Tightness due to nerves happens to ALL of us, regardless of level. It’s a universal tennis experience during competition, simply making us human.
Don’t get me wrong, it’s something you can absolutely improve, but as long as you play important matches that matter to you it won’t ever go away completely.
On the other hand, low level players get more and more tight the harder they try to swing, whereas high level players actually LOOSEN when they really want to go big on a particular shot.
How is that possible??
It all comes down to the primary power source in each swing…
Beginner and intermediate players use their shoulder, arm, wrist and hand to propel the racquet through contact, which means an especially high effort swing requires those muscles to aggressively contract.
On the other hand, high level players use their legs, hips, core, and torso to power their shots, which means everything from the shoulder down can be loose and relaxed!
The harder a beginner tries to hit a tennis ball the more rigid, jerky, and tense their swing gets.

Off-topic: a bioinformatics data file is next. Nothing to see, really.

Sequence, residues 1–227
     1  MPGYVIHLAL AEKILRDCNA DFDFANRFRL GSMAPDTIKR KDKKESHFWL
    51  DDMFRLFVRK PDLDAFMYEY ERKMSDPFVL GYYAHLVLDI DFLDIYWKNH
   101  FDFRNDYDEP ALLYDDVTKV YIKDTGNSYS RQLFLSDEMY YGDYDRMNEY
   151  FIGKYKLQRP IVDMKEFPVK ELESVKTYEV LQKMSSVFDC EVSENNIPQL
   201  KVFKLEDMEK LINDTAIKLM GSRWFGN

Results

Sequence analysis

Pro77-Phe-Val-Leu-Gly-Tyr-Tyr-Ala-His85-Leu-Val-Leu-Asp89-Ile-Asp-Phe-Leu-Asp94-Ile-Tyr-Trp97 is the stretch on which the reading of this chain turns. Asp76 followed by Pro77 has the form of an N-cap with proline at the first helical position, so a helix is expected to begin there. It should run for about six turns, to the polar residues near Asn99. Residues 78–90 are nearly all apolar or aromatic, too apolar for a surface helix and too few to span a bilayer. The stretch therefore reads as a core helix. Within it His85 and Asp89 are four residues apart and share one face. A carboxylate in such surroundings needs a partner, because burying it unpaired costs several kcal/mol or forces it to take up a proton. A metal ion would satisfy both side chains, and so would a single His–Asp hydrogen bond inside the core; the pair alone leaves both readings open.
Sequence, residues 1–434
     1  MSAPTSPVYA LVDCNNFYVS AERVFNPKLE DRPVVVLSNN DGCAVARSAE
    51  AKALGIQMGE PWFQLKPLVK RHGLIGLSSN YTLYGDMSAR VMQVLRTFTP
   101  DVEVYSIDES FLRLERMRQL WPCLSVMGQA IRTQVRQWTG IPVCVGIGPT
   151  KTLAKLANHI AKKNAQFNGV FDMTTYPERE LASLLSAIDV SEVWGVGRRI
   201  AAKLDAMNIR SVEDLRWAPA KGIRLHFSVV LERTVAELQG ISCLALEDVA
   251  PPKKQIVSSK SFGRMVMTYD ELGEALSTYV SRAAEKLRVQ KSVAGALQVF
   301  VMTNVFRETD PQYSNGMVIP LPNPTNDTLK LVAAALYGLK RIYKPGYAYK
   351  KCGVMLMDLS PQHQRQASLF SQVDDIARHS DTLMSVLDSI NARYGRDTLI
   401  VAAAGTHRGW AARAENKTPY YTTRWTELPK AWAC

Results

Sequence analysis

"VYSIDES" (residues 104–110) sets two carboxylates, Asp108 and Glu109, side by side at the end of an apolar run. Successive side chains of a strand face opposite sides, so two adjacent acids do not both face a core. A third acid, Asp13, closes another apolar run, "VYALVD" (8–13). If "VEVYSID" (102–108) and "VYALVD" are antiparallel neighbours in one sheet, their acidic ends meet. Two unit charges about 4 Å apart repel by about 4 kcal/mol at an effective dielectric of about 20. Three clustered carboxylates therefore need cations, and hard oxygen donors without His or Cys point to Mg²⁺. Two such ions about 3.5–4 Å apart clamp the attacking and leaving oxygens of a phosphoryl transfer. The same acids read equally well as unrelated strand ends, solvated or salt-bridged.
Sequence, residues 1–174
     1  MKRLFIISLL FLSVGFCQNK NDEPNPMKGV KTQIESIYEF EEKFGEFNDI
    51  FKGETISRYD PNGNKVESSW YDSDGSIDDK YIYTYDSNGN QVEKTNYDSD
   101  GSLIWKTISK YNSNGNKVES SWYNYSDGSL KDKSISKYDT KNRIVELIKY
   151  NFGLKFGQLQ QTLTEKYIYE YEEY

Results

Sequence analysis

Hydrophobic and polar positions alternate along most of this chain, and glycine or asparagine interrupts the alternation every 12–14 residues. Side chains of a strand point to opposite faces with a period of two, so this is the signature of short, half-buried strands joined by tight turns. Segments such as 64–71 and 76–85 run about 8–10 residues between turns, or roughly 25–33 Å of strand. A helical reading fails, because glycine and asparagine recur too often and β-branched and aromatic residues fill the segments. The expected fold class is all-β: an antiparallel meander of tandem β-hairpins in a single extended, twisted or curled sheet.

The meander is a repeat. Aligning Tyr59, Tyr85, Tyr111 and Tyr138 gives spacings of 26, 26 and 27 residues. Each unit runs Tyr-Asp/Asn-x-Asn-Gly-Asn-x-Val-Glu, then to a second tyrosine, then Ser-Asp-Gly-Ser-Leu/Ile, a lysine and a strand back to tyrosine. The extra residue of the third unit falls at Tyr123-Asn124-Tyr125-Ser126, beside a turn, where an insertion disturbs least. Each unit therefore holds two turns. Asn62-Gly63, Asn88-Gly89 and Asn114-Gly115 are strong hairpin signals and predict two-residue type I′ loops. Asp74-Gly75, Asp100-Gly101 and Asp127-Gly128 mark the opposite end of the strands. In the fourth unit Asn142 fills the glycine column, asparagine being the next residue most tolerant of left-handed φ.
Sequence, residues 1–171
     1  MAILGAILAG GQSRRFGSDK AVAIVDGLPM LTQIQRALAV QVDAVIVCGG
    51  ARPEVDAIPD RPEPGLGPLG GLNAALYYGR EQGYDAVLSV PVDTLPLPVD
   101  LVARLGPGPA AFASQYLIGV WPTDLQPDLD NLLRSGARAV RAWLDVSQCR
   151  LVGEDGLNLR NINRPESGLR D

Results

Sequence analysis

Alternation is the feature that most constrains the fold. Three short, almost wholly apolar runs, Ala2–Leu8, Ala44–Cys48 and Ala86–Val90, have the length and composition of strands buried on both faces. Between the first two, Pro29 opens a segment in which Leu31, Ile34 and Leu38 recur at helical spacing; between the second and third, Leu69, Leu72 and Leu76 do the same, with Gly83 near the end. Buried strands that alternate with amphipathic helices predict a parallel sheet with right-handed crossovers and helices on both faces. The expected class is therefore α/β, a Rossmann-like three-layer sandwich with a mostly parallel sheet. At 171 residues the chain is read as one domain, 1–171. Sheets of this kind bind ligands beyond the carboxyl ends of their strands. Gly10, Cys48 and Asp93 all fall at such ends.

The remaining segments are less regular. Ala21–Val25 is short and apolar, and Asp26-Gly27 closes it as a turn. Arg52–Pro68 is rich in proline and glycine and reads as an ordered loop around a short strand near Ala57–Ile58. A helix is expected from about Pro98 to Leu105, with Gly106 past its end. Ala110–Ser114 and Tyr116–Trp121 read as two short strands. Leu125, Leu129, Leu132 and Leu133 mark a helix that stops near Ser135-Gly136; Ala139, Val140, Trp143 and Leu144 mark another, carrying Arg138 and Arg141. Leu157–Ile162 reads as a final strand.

Advanced players are exactly the opposite.
Mistake 6: Feet Move After Instead of Before
Beginner tennis players are master “chasers”. They’re trying to catch up to the ball and track it down shot after shot, constantly behind in the rally.
Because their response to the ball doesn’t happen until AFTER it’s hit by their opponent.
This is one of my favorite things to show to our students in slow motion on one of our iPads.
I’ll stand behind them and shoot some footage of a rally, then walk up and show them how they reacted to a shot their partner just hit.
Zooming in on their feet you can see the ball traveling towards the player on the other side of the net…..my student’s feet are flat on the ground….
…I inch the video forward and their partner is taking their racquet back to prepare. My student’s feet are flat on the ground.
…I inch the video forward some more to contact by the other play. My student’s feet are flat on the ground.
…I inch the video forward some more, the ball is now making its way towards my student. Their feet are STILL flat on the ground!
Finally, after what seems like an eternity, my student has read where the ball is going, and they physically respond by starting to move their feet in that direction.
Important: 80% of the players reading these words do what I just described.